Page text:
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Accounting: Absorption Costing and Variable Costing Research Paper

Introduction Direct costing, which is also known as variable costing has been used most predominantly as an alternative to absorption costing over the last 70 years.

Even though absorption accounting, as suggested in accounting textbooks, must be employed in preparing income tax reports, financial statements as well as in defending pricing models, a number of times, variable costing has served the same purpose up to and including defending the price practices.

It is claimed in some quarters of the corporate world that, some companies are shifting to variable costing to achieve some form of consistency between the way decisions are made since it relies on variable costing and the way these decisions are reported by financial accounting systems.

This paper will therefore try to compare and contrast absorption costing and variable costing, giving details of the advantages of the latter and weaknesses of the former. It will also endeavor to explore the reasons why absorption costing is preferred despite its weaknesses (Schiff, 1987, p. 36-39).

Absorption costing vs. Variable costing Definitions

Absorption costing, also known as the traditional costing is a commonly accepted accounting principles for external reporting. It entails all the tools of manufacturing, variable and fixed overheads as well as direct materials and labor. It refers also to full costing. Variable costing on the other hand, entails only the variable tools of manufacturing , that is, variable as well as direct labor and materials (Schiff, 1987, p. 36-39).


Both absorption costing and variable costing can be used preparing financial statements, income tax reports as well as in defending pricing practices. Variable costing has been used for the past 70 years as an alternate to absorption costing even though their differences widens when it comes to analysis.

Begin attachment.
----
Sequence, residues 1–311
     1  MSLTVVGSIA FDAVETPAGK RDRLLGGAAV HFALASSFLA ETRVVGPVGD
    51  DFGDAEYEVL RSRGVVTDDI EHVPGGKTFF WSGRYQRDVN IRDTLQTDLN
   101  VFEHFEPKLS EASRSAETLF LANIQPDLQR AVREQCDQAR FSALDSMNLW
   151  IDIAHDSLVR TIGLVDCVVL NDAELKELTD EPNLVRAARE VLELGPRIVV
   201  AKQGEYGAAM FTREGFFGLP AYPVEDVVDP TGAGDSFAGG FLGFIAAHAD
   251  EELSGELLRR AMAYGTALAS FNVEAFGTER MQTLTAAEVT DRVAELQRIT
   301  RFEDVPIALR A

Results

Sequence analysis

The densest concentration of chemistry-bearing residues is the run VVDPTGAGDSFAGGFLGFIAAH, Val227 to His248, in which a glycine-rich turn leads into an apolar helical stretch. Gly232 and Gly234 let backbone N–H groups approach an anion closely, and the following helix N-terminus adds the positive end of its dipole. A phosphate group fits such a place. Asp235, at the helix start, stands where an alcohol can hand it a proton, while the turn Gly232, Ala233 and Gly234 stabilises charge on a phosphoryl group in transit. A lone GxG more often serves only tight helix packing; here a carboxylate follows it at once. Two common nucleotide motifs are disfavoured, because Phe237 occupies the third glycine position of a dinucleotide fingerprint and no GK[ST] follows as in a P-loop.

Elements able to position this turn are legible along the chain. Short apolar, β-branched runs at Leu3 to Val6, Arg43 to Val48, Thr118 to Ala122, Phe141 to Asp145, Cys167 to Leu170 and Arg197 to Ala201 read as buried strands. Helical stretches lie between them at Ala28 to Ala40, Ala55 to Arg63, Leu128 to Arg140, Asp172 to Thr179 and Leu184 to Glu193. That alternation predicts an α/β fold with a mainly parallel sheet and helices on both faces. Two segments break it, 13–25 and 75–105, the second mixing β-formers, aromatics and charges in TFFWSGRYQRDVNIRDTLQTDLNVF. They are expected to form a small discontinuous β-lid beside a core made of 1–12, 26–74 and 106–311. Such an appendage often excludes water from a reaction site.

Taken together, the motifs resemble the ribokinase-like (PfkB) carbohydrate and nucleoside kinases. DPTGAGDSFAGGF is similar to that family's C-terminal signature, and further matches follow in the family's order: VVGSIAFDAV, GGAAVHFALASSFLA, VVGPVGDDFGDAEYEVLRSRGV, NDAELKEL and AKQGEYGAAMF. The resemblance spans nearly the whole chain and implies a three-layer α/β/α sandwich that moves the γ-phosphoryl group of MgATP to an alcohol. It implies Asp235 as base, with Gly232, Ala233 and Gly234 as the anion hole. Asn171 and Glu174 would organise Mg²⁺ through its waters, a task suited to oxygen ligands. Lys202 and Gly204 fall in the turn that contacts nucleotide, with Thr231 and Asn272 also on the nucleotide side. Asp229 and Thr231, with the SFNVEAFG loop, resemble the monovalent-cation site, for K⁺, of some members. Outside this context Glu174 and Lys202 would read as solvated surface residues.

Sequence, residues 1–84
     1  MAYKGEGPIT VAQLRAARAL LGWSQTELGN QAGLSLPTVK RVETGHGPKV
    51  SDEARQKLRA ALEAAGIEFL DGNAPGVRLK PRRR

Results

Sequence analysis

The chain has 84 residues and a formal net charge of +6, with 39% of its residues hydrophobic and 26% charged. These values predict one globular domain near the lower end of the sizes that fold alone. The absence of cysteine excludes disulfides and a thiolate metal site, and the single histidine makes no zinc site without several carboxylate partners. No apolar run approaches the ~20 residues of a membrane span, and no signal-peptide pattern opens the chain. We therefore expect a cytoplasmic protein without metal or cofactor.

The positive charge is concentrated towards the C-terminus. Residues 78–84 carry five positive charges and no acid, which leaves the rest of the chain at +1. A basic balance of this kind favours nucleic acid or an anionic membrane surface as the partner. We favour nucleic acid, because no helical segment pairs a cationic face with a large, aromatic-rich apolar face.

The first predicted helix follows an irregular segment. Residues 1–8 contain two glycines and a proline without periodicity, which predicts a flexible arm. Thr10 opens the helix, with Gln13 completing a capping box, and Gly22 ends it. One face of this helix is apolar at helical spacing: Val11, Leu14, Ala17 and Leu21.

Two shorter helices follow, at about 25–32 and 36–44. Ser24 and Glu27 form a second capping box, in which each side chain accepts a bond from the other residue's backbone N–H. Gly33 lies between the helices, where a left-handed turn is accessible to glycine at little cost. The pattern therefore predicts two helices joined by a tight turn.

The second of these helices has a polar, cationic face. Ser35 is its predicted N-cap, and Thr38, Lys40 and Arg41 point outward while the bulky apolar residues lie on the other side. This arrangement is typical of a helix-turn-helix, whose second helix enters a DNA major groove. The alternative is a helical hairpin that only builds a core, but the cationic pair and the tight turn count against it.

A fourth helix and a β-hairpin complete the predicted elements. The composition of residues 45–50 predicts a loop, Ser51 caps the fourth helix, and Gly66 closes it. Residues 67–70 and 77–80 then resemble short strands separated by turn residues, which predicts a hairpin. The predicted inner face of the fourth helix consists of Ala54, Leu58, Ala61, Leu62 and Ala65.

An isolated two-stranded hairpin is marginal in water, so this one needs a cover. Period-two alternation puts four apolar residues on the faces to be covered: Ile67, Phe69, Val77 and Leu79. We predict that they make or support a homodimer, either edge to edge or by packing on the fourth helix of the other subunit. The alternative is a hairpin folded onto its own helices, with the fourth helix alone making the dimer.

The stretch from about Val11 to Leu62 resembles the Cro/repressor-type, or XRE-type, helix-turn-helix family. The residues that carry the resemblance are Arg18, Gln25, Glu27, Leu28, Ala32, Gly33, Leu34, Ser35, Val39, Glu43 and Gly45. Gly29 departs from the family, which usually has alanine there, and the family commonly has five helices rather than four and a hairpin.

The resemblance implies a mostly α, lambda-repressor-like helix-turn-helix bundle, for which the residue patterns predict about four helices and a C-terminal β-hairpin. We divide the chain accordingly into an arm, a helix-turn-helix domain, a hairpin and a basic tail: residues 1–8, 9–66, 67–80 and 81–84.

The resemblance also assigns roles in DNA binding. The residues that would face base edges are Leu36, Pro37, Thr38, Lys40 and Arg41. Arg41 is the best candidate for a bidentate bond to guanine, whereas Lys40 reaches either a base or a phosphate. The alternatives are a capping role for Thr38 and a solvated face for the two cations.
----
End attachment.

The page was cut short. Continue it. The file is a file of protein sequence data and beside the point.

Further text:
While absorption costing includes all manufacturing tools, variable costing excludes fixed manufacturing overheads. In this regard, absorption costing does not differentiate between variable costs and fixed costs thus cannot be used in (CVP) Cost Volume Profit analysis; on the other hand, variable costing which does differentiate between variable costs and fixed costs is much suited for (CVP) Cost Volume Profit analysis.

Get your 100% original paper on any topic done in as little as 3 hours Learn More Moreover, variable costing is undesirable for peripheral reporting as never complies with the prerequisites while absorption costing does. Variable costing does not consider fixed costs in analysis, absorption costing does (Schiff, 1987, p. 36-39).

Advantages of Variable costing Variable costing has several advantages, for instance; it reveals the relationship the exits between volume, price and cost. When applying variable costing, changes in the inventory does not affect profit, also, it is employed in CVP analysis, pertinent in decision making, identifies fixed costs and when in use, changes in production volume have no effect on the income (Wink

First Grade: Classroom Analysis Analytical Essay

Nursing Assignment Help The paper presents the summary and analysis of the observations of the classroom and school environment second grade school. The key issues that the given paper addresses are psychosocial development, motivation, behaviorism, constructivism, cognition, intelligence, and diversity in the classroom and school environment.

The class under analysis was composed of 18 students of diverse cultural and socioeconomic backgrounds. Age 6 – 7.

The classroom was big with all necessary equipment for the class activities. It was also decorated with plants, arts, rugs, posters and pictures drawn by students. The layout included five large tables with four seats.

There were also several individual desks for individual assignments. The space provided the opportunity to change the location of tables for various activities. In general, the environment of the classroom was engaging and comfortable for organizing different activities.

In the first grade students are not very independent and not very used to new learning activities. In order to organize and motivate children, teacher used a variety of learning styles taking into consideration group and individual characteristics of every student.

During different lessons, he made use of learning through seeing, using hand-outs, videos, illustrations, etc.; through listening, moving and doing, as well as combinations of these strategies. Assignments that included various physical activities were very effective.

The teacher also successfully used the knowledge about psychological development of children of age 6-7 to incorporate it in lessons. “Perception of differences among other ethnic groups arises between the age of 6 and 8 years. At this time, children begin to group people together to understand what people are alike (Martin